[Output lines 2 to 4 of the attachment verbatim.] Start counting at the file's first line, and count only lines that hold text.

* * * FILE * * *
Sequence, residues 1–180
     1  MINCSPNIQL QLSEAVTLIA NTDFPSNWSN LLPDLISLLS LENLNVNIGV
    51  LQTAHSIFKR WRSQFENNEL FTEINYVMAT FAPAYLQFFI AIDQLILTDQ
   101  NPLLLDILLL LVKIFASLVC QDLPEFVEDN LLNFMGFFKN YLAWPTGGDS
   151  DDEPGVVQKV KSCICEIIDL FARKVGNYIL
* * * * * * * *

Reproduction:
     1  MINCSPNIQL QLSEAVTLIA NTDFPSNWSN LLPDLISLLS LENLNVNIGV
    51  LQTAHSIFKR WRSQFENNEL FTEINYVMAT FAPAYLQFFI AIDQLILTDQ
   101  NPLLLDILLL LVKIFASLVC QDLPEFVEDN LLNFMGFFKN YLAWPTGGDS